Small liquor stores struggling to compete with big retail

CLINTON, Wash. -- Almost a year after the state privatized liquor sales, more and more small, independent stores around the Puget Sound region are going under. They complain they can't compete with big retail and grocery stores.

"It's aggravating - there's not much we can really do about it," said Sean Niesel.

When Niesel opened Emerald City Spirits in Seattle, he thought he'd rake-in the big bucks.

Instead, "we're just about breaking even here."

Jan Neil says same for her liquor store on Whidbey Island.

Lower prices at nearby grocery stores are driving their stores out of business.

"Out of the association for contract liquor stores, we've lost more than 20 just in the last two quarters," Neil said.

The trouble began last year when voters passed Initiative 1183 to privatize liquor sales. Immediately, liquor manufacturers offered big-box stores and grocery chains huge discounts for buying bulk, while smaller store owners still pay the full wholesale price.

Add on top that 17 percent state tax and store owners say it's impossible to compete.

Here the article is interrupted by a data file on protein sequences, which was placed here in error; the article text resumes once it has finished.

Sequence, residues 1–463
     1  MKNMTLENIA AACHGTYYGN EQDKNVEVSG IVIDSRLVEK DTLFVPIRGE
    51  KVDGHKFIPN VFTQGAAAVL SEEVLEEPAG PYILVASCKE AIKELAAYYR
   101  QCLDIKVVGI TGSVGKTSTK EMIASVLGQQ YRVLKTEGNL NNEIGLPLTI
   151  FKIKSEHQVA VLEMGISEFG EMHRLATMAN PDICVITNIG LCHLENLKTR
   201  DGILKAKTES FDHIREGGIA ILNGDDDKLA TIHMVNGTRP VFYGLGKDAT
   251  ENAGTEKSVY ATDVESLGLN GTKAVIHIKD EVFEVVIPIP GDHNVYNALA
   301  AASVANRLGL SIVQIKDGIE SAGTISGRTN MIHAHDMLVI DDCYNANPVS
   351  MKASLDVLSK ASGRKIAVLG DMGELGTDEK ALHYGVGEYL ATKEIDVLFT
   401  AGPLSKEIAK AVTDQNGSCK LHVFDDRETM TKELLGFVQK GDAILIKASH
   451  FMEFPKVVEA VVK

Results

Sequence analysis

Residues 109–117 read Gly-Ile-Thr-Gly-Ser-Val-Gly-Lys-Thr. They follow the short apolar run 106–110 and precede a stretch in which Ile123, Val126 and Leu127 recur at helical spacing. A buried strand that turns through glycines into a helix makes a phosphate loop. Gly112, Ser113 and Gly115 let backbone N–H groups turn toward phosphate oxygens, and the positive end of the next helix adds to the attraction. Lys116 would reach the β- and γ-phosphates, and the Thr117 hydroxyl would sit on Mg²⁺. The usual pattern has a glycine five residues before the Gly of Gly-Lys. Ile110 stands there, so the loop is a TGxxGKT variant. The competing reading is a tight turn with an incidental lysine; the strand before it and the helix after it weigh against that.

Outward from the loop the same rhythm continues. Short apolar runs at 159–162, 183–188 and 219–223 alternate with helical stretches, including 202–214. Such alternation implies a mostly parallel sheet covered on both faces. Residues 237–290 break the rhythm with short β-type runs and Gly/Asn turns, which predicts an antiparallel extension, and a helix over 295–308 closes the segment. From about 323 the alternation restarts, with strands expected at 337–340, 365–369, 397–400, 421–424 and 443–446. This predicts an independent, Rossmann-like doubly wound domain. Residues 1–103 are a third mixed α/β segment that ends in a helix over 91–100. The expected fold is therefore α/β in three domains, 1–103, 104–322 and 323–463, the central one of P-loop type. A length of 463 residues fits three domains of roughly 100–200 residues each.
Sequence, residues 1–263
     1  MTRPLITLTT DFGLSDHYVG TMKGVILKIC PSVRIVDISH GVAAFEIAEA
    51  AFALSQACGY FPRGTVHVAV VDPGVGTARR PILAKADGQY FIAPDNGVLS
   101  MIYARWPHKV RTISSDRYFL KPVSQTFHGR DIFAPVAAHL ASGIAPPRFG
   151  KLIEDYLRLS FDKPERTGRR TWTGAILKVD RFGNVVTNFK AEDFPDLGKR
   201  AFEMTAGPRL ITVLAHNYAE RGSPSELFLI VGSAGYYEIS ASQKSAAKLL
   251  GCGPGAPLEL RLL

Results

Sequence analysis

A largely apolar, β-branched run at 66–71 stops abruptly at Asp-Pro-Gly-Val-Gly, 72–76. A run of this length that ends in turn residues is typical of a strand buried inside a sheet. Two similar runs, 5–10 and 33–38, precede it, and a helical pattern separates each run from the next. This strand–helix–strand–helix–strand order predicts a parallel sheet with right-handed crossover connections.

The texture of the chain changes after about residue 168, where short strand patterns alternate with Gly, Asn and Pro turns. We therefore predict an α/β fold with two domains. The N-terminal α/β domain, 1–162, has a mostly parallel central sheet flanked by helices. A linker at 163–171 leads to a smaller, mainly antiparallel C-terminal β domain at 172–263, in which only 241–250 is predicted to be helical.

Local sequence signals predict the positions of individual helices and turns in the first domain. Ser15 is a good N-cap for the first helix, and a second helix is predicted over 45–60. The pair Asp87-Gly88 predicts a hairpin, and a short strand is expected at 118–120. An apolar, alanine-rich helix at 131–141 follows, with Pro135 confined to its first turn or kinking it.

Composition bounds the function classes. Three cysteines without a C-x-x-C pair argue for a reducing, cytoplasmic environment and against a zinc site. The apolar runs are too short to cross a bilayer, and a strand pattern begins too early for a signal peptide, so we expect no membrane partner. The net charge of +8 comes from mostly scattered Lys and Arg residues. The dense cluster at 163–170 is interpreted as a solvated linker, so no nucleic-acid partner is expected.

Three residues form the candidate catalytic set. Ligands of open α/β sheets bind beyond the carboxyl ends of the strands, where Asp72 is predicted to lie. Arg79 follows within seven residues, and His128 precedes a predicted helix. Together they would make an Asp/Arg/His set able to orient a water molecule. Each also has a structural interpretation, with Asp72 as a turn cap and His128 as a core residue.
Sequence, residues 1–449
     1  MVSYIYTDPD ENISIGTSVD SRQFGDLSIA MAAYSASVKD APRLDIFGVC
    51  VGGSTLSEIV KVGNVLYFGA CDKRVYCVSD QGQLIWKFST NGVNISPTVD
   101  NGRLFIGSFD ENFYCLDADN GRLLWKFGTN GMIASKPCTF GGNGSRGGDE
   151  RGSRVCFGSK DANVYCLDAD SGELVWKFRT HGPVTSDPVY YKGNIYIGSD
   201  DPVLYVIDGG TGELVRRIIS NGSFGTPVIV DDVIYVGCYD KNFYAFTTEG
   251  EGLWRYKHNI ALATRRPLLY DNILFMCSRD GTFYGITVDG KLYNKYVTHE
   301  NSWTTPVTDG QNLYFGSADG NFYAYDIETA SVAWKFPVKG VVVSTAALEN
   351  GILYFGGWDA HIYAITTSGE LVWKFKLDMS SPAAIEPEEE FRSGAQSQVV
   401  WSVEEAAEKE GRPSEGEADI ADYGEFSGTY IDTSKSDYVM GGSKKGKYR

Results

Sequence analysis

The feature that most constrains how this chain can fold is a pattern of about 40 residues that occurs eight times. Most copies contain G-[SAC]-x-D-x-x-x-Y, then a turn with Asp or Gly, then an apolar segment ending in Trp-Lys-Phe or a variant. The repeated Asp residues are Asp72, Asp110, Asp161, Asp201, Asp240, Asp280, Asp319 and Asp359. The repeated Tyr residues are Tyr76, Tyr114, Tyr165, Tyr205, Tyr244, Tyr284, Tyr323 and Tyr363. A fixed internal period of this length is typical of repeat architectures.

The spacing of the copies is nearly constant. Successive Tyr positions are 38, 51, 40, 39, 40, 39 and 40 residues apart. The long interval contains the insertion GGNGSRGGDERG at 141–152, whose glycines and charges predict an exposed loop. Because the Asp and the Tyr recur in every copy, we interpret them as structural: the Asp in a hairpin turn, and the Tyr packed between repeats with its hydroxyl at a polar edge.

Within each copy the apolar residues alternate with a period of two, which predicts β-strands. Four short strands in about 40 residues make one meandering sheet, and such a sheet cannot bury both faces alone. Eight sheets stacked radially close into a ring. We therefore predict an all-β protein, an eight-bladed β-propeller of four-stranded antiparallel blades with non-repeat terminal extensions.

"We're not like Costco or grocery stores where they can add that 17 percent to bread, eggs, whatever they want," Niesel said.

According to the state Liquor Control Board, 19 small liquor stores have been forced to close their doors since last June, while 21 others never even opened. Two more small liquor stores on Whidbey Island are close to going under while a liquor store in Everett is just days away from closing up shop.

Now desperate, Neil's tried every deal and gimmick. She also gives 3 percent back to her most loyal customers, but that's also money she's taking out her own profits.

Several liquor stores introduced legislation this year to eliminate taxes for small owners.

"Some sort of rule where we can be exempt," Niesel said.

But it failed. For Niesel, the writing is on the wall.

"I think if things stay the way they are, there's not going to many of us left," he said.